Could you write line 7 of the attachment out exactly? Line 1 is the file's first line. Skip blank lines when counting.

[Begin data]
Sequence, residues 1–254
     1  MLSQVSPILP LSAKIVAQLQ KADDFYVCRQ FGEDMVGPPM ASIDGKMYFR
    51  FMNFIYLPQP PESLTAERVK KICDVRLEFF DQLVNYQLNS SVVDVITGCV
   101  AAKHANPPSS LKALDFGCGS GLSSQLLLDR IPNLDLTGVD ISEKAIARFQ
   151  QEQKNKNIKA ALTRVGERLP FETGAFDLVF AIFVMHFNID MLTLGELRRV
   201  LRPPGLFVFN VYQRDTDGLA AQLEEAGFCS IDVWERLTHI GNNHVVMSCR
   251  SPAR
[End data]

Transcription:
   251  SPAR